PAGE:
Our research focus is the mechanism and regulation of RNA synthesis by the enzyme RNA polymerase II. In eukaryotes, RNA polymerases are components of large protein machines that integrate many regulatory signals to precisely control gene expression. Most subunits of the transcription machinery are essential for viability, and regulation of transcription is a key step controlling cell identity, growth, development and stress response. Since the core transcription machinery is the target of many signaling pathways, identifying regulated and rate-limiting steps in transcription initiation leads to understanding how many biological signals converge to control specific programs of gene regulation. Misregulation of transcription is a major cause of human disease. Research in the laboratory aims to decipher fundamental and conserved mechanisms used by the transcription machinery and its regulatory factors.
The two major research areas in our laboratory are: (i) the mechanism of transcription initiation, and (ii) mechanisms used by factors that activate transcription. We use a multi disciplinary approach including biochemical, molecular, genetic, structural, and biophysical methods to uncover new mechanisms used in gene regulation. Much of our work uses new technologies and approaches to understand the action of large protein complexes, which are often regulated by surprisingly flexible and dynamic protein-protein interactions. These new approaches are also adaptable for understanding the architecture, conformational changes and mechanisms of large protein and protein-DNA complexes involved in other cellular processes.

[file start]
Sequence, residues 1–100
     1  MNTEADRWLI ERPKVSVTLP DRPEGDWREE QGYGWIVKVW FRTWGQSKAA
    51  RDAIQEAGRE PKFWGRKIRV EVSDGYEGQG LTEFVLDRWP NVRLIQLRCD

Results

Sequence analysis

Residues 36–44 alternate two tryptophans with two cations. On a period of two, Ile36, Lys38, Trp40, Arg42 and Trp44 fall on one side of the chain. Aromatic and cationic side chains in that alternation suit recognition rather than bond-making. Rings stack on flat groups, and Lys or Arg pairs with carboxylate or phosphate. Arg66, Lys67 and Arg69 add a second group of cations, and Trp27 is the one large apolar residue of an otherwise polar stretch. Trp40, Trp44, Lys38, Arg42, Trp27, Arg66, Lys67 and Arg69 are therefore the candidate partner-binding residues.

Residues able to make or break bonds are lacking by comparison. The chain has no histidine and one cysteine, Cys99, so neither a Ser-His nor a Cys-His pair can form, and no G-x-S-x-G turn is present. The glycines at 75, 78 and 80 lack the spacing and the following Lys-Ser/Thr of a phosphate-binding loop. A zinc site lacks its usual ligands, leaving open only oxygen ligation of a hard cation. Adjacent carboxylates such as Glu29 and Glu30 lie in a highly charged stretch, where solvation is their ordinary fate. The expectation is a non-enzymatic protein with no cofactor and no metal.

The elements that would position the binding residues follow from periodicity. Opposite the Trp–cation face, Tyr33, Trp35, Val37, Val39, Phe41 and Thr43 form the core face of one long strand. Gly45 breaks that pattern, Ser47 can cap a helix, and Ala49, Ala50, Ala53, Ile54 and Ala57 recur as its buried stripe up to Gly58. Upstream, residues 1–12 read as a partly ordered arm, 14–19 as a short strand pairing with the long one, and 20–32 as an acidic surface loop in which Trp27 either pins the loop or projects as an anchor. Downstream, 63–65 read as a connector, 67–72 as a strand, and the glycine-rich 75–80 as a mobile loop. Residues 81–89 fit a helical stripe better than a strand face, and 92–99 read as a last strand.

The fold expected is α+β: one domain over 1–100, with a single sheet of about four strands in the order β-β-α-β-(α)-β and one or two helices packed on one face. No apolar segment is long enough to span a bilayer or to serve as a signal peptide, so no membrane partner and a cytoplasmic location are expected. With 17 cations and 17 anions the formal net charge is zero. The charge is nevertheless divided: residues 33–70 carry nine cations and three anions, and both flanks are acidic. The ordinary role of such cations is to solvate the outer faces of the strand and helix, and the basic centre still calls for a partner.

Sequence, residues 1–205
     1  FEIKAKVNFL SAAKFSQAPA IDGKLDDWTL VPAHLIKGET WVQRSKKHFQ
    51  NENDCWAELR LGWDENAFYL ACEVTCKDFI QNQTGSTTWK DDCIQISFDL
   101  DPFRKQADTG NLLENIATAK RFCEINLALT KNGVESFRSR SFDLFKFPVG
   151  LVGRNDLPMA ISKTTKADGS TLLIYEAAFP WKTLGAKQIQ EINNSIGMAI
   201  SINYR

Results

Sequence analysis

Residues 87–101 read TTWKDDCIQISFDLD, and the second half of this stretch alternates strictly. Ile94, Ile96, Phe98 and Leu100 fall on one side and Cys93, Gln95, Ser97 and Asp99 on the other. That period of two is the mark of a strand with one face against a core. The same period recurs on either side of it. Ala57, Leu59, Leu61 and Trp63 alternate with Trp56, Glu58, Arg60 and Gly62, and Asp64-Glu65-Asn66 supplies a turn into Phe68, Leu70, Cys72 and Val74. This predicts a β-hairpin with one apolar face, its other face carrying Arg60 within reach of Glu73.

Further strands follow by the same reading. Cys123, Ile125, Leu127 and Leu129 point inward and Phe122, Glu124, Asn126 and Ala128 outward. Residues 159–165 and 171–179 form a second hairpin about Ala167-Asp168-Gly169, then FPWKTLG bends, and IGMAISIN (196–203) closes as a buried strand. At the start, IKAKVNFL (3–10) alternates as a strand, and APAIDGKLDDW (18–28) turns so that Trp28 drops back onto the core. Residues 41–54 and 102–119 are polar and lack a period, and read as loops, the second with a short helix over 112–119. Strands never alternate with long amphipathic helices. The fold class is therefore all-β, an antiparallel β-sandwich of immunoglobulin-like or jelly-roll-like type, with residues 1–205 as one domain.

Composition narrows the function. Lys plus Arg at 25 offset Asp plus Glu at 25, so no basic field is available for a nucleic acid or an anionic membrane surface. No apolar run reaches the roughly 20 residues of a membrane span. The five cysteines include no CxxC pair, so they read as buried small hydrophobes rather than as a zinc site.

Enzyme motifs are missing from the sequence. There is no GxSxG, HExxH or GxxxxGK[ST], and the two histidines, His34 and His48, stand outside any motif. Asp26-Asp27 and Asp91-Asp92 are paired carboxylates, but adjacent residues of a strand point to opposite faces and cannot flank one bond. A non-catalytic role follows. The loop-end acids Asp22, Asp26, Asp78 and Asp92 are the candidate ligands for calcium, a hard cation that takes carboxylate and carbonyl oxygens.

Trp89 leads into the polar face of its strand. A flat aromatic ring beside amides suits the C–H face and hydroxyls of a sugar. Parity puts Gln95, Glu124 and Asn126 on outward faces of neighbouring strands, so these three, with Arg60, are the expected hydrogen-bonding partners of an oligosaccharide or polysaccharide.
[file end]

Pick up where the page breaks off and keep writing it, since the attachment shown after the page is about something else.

We use S. cerevisiae (budding yeast) as our experimental system because of the powerful mix of biochemistry and genetics approaches available. Since the transcription machinery and its regulatory factors are well conserved throughout evolution, gene regulatory mechanisms in yeast are nearly always used in mammalian cells. These mechanisms form the molecular basis for understanding regulated and rate-limiting steps that are at the endpoint of pathways controlling cell growth, development and stress response.
Structure of the TATA binding protein (TBP; red) in complex with DNA. This protein-DNA complex nucleates assembly of the polymerase II transcription machinery at a promoter.
(see Kim et al, 1993; Geiger et al, 1996)
|last updated June 2012|